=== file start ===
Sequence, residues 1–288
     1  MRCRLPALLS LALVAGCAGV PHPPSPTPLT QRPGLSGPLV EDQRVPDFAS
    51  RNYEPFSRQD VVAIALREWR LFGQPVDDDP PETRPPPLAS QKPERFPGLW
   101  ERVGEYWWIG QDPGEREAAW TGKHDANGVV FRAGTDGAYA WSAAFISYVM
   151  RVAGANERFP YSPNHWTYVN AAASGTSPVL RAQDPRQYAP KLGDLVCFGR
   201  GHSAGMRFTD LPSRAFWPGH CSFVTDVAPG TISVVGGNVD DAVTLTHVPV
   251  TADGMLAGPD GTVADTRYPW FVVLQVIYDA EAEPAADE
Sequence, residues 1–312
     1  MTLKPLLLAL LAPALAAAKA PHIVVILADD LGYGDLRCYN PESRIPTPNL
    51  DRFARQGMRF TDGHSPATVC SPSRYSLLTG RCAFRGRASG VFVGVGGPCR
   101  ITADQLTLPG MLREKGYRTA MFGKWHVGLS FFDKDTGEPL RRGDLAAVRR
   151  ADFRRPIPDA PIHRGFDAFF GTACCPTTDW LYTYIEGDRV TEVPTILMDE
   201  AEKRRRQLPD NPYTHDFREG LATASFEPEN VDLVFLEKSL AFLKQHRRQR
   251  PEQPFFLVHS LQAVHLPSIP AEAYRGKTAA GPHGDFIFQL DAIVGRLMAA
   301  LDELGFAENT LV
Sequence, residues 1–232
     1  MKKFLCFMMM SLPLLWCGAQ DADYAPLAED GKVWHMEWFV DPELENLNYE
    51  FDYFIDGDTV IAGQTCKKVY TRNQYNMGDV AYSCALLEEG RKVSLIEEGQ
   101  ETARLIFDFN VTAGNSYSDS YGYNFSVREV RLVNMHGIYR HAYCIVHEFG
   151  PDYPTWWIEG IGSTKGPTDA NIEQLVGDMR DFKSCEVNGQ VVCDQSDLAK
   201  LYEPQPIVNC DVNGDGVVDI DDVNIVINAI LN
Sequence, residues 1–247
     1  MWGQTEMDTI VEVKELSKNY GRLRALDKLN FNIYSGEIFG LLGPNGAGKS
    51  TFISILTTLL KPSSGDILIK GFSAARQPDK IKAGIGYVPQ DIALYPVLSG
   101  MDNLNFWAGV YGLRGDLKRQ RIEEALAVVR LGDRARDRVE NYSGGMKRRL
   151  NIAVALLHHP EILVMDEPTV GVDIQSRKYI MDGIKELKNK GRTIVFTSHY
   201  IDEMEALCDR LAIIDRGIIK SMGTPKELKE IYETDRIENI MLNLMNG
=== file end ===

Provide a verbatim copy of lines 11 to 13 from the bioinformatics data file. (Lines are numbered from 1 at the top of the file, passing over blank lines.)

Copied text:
   101  ITADQLTLPG MLREKGYRTA MFGKWHVGLS FFDKDTGEPL RRGDLAAVRR
   151  ADFRRPIPDA PIHRGFDAFF GTACCPTTDW LYTYIEGDRV TEVPTILMDE
   201  AEKRRRQLPD NPYTHDFREG LATASFEPEN VDLVFLEKSL AFLKQHRRQR